4. ^ Dacre, Karen (November 26, 2021). "Gorpcore trend peaks again as extreme outdoor wear hits pub and park". The Guardian. Retrieved June 18, 2022.
  5. ^ a b c d e f g Servantes, Ian (February 18, 2022). "Beyond the TikTok trend: How Arc'teryx became the It-brand of fashion". Input. Retrieved January 14, 2023.
  6. ^ Nowakowski, Natasha, "Arc'teryx a perfect fit for adidas' Salomon business", The Portland Business Journal, November 8, 2002.
  7. ^ Crane, Leah, "Salomon Sold to Amer Sports" Archived March 10, 2007, at the Wayback Machine, Transworld Business Magazine, August 9, 2005
  8. ^ Baigorri, Manuel (December 7, 2022). "Anta Sports Weighs IPO of Wilson Racket Maker Amer". Retrieved January 3, 2023.
  9. ^ "Supply Chain Partners | Arc'teryx". Arc'teryx Equipment. Retrieved 2020-11-02.
  10. ^ Servantes, Ian (February 18, 2021). "Beyond the TikTok trend: How Arc'teryx became the It-brand of fashion". Input. Retrieved June 18, 2022.
  11. ^ "10 Years of Performance Evolution | Veilance". Arc'teryx Equipment. Retrieved 2021-10-01.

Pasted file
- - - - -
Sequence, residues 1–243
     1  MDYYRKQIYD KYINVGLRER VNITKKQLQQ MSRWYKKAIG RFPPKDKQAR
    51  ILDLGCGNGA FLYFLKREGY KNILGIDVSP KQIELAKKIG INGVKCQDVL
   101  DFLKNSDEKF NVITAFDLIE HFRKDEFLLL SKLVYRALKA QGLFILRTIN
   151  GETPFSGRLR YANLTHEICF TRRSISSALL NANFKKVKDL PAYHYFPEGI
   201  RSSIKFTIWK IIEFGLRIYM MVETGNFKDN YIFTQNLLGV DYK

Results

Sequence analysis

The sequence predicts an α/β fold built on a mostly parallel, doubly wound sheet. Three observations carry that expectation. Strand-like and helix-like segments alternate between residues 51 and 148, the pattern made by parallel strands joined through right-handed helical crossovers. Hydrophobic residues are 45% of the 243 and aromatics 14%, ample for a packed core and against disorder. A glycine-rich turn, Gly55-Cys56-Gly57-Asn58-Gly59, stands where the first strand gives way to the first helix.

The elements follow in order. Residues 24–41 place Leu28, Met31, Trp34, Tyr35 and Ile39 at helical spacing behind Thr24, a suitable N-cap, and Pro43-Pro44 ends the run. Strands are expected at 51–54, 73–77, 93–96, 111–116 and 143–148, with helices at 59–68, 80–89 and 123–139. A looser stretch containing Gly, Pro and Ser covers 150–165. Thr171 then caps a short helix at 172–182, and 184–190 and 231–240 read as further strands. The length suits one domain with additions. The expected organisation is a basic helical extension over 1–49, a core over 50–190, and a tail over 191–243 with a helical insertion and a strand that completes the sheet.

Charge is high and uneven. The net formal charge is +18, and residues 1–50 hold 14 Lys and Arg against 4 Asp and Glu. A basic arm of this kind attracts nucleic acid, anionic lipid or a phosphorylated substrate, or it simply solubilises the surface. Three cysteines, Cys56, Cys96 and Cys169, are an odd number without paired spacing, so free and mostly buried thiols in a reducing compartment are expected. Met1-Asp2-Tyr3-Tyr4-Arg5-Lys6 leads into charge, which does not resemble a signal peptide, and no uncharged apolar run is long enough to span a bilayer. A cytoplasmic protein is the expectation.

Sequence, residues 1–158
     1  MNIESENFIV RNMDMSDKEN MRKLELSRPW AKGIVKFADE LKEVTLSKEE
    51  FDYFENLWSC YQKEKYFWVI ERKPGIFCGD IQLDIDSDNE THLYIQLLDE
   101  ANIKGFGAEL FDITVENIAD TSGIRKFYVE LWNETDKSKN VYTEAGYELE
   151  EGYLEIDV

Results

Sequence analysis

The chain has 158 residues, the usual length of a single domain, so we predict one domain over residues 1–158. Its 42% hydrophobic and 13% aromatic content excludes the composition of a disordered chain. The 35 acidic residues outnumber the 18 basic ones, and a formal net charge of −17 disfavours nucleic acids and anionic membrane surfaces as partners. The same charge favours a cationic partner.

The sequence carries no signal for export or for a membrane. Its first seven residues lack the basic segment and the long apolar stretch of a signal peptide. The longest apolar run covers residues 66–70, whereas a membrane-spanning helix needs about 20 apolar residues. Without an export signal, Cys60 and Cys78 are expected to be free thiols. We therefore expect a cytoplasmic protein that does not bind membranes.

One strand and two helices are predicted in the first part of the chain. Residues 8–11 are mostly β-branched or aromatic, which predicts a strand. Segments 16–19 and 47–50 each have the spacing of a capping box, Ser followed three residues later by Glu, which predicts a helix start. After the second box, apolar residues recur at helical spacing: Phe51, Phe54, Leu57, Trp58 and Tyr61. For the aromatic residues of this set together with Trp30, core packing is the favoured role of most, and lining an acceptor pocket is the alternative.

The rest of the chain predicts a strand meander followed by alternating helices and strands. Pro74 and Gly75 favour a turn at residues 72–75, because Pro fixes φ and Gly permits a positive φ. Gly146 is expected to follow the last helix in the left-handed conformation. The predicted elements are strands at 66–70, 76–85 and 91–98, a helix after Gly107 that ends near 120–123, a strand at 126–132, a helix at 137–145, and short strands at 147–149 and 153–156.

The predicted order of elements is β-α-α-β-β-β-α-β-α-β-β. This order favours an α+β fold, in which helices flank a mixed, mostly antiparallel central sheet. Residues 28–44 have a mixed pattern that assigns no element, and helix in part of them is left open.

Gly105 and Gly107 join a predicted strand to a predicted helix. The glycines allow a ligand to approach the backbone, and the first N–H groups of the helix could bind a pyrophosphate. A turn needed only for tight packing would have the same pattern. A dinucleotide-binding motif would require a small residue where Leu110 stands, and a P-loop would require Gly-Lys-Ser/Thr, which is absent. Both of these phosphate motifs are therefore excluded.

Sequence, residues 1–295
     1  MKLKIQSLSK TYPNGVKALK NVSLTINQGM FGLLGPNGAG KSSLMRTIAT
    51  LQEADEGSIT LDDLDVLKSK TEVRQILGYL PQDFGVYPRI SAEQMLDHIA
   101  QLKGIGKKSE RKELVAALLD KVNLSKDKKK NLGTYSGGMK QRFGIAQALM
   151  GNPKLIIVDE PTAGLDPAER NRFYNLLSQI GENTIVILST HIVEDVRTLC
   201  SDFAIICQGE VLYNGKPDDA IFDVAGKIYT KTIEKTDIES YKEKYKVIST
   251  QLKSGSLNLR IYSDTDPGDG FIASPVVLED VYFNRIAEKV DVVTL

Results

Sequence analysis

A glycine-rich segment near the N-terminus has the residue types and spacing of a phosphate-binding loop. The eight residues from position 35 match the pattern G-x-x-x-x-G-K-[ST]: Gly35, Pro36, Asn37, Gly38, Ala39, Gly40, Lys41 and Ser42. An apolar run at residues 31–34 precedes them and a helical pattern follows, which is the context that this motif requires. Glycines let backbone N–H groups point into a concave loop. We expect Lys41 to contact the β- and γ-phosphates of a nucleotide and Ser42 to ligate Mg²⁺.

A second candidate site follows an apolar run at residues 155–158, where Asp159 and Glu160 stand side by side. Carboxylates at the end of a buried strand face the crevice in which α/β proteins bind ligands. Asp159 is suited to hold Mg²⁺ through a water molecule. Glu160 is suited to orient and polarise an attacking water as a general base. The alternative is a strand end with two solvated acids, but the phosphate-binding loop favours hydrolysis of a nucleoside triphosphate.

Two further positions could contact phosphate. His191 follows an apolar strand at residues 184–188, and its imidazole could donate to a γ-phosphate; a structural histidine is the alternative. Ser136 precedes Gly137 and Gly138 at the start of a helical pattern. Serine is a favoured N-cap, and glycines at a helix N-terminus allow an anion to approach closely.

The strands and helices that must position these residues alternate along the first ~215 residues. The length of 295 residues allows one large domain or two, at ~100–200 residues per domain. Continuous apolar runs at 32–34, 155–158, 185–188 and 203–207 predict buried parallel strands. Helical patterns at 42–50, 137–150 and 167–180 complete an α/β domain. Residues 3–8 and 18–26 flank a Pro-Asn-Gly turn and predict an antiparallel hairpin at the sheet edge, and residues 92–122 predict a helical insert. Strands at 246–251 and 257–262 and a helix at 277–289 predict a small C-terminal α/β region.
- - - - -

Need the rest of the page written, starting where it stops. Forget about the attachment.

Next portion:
12. ^ "About Arc'teryx LEAF". Arc'teryx Equipment. Retrieved January 14, 2023.
  13. ^ Cheng, Christina (January 21, 2014). "Arc'teryx Takes You Through the Process of Making its LEAF Collection". Complex. Retrieved January 14, 2023.
  14. ^ Danforth, Chris (2020-07-09). "Deadbird: The Underground Cool (And Looting) of Arc'teryx". Medium. Retrieved 2021-04-08.
  15. ^ Servantes, Ian (February 18, 2021). "Beyond the TikTok trend: How Arc'teryx became the It-brand of fashion". Input. Retrieved June 18, 2022.
  16. ^ Webb, Bella (May 4, 2022). "Early Majority: Fashion's first degrowth brand". Vogue Business. Retrieved January 14, 2023.
  17. ^ Mull, Amanda (September 4, 2022). "Yeti Coolers Are Luxury Goods for Bros". The Atlantic. Retrieved January 14, 2023.
  18. ^ Cook, Grace (August 31, 2022). "Vibram's path to becoming fashion's go-to sneaker sole". Financial Times. Retrieved January 14, 2023.
  19. ^ Beer, Jeff (February 19, 2021). "In this brutal winter, escape mentally with the cult brand Arc'teryx's first-ever surf film". Retrieved January 14, 2023.
  20. ^ Testa, Jessica (November 7, 2021). "Jil Sander Ski Wear, Coming to a City Block Near You". The New York Times. ISSN 0362-4331. Retrieved January 14, 2023.
  21. ^ Gallagher, Jacob (January 1, 2021). "Gorpcore: How Arc'teryx Parkas and Salomon Hiking Boots Became High Fashion". WSJ. Retrieved January 14, 2021.

External links[edit]